It is hard to believe we are only days away from the end of 2013. As I reflect on the last twelve months, a few things come to mind that I thought I’d share.
OpenStack is widely recognized in the developer community and has support from a number of infrastructure vendors as well as other large technology companies. But it is still a work in progress. OpenStack is developing quickly, but is immature in some areas and not yet ready for commercial deployment in a service provider environment.
While development continues, OpenStack currently fails to deliver the level of orchestration, functionality and service differentiation that cloud service providers need to offer customers to capture a share of the cloud services market and assure future revenue streams.
Any service provider looking to develop its cloud services business wants a service that can be brought to market quickly and cost effectively. It needs to provide differentiation, and to be able to scale as the service grows. It also needs to be stable and professionally supported. But while it answers some of these requirements, service providers developing in OpenStack experience a log jam, as it doesn’t yet have the business logic and advanced functionality needed for a commercial cloud service. Read more on this topic.
2. AWS Demonstrates Massive Demand for Flexible Cloud Service
AWS has had another strong year; one analyst is now projecting the value of the AWS business to top $50 billion by 2015, driven by success in its Marketplace. Its continued innovation and growth shows the massive demand for genuine flexible cloud services. So how does a service provider compete? My view is that this is through differentiating in the marketplace. Being able to differentiate on what makes you truly different can still allow plenty of growth in a multi-cloud scenario. Read some of my thoughts from a discussion piece including responses to AWS bashing, price, federation vs. multi-cloud and an analogy used during the presentation and why I believe it is inappropriate.
3. Move from ‘Just Infrastructure’ to ‘Infrastructure + Platform + Apps’
It is no good just being a box shifter anymore. Service providers, in relation to the above AWS point, need to offer more than just the infrastructure. They need to offer services on top – the platform, the apps, and if they cannot do this, they will miss significant market opportunity. We believe service providers need the ability to add value through cloud blueprints and also easily integrate with third party technology to offer additional services.
4. Why an Ecosystem is a Differentiator
You know of the AWS marketplace. You also know of plenty of other vendors who are creating ecosystems. Why? Because, it is a differentiator. If you can create a one-stop shop where vendors can easily gain the services, support and technology they need, you will grow. Read more about what we are doing to support this.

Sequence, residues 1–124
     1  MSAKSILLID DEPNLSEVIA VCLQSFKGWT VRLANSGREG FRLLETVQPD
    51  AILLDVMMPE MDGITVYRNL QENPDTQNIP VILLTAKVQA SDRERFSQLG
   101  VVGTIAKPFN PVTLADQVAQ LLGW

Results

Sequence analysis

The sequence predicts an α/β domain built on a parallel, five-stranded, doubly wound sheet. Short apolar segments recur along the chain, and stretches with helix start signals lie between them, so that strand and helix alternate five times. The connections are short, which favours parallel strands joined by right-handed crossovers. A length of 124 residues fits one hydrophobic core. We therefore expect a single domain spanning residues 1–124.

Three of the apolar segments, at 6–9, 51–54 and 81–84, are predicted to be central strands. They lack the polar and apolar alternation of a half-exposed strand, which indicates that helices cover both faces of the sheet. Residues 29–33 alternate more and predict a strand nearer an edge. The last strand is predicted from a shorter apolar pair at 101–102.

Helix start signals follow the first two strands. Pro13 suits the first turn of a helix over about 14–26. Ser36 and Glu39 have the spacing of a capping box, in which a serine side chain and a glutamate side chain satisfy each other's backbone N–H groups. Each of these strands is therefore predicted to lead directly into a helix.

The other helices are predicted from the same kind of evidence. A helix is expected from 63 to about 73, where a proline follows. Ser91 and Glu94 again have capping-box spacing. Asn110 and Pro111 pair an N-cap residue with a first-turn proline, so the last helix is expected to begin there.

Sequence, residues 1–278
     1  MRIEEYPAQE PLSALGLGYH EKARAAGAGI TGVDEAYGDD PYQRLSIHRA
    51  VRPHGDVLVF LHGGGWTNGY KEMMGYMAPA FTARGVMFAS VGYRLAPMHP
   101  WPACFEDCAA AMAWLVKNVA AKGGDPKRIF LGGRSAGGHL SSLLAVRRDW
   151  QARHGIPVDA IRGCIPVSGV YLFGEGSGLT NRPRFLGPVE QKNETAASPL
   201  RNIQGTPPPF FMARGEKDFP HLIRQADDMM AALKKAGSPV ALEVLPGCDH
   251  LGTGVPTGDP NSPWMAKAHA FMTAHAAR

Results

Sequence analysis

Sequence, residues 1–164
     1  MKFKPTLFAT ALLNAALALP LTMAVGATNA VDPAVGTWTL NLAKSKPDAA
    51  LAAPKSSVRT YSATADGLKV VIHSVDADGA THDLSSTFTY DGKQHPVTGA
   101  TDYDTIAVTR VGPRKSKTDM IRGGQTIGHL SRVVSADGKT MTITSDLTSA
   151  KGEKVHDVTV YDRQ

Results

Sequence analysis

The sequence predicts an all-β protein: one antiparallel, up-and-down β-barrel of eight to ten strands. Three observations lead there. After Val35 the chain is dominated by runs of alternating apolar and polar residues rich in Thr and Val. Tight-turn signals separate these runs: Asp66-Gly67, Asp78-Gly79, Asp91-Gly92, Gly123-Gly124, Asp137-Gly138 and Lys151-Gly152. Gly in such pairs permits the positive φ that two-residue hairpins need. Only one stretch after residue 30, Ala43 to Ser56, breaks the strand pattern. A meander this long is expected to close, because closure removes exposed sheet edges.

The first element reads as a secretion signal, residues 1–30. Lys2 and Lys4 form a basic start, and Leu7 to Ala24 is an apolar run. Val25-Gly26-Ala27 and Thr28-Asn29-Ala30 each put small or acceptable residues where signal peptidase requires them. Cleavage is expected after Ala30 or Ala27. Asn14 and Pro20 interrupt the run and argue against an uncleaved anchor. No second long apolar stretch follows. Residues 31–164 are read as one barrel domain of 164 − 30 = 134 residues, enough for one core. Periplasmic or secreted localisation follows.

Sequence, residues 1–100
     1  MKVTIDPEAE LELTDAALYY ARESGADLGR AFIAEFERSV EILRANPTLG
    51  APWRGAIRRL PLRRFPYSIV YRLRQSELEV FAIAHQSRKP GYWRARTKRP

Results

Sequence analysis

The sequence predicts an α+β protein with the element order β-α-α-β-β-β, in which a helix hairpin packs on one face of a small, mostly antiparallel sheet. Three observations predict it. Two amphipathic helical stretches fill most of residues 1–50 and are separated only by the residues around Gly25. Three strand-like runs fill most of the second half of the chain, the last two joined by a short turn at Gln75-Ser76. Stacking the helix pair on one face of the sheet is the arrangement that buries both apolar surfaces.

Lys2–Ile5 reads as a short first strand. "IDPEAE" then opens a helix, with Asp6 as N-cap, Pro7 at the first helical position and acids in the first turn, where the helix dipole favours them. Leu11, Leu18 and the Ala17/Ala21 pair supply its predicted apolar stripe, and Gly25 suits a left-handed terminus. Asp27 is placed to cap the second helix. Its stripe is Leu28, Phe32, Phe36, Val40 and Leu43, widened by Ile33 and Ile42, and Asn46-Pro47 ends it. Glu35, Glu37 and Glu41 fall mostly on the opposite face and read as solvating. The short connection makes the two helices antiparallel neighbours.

5. Demand for Public Cloud Has Increased/Enterprise Mass Migration to Cloud Service Providers
The switch to public cloud is happening with increasing momentum. In fact, spending on public IT cloud services will grow five times faster than that for the IT industry as a whole from 2013 to 2017, according to a new report from IDC. Read our thoughts on the death of private cloud.
Those that accept the move to public cloud can invest time in finding a service provider that can meet their needs. This might not be the giants in the industry like Amazon, but instead service providers that differentiate based on the needs of the client. These differences could be based on vertical cloud, industry, language, user experience, amongst others. For service providers, this means you need the ability to turn private cloud customers into public cloud consumers of your services. Having the ability to differentiate becomes essential. Learn more about differentiating in this competitive market.
6. Emergence of New Service Providers, Operating at Scale Through Resellers
Smart service providers are already gaining reach through other organizations’ existing relationships and resources by maximizing resellers’ vertical and industry-specific expertise and geographic coverage without requiring heavy investment in sales and marketing. This model offers huge possibilities in terms of revenue growth without significant investment to build your own resources and presence. We are seeing the emergence of new entrants in the service providers market that are able to use the reseller model to operate at scale. See our infographic on this topic.
Each of these points are trends we saw in 2013. The good news for the service provider is that they are gaining momentum and market share. So act now. Ensure you have the tools to compete in the market.
I have some predictions on 2014 that I’ll share when we are all back in the new year.
Happy holidays and see you in 2014!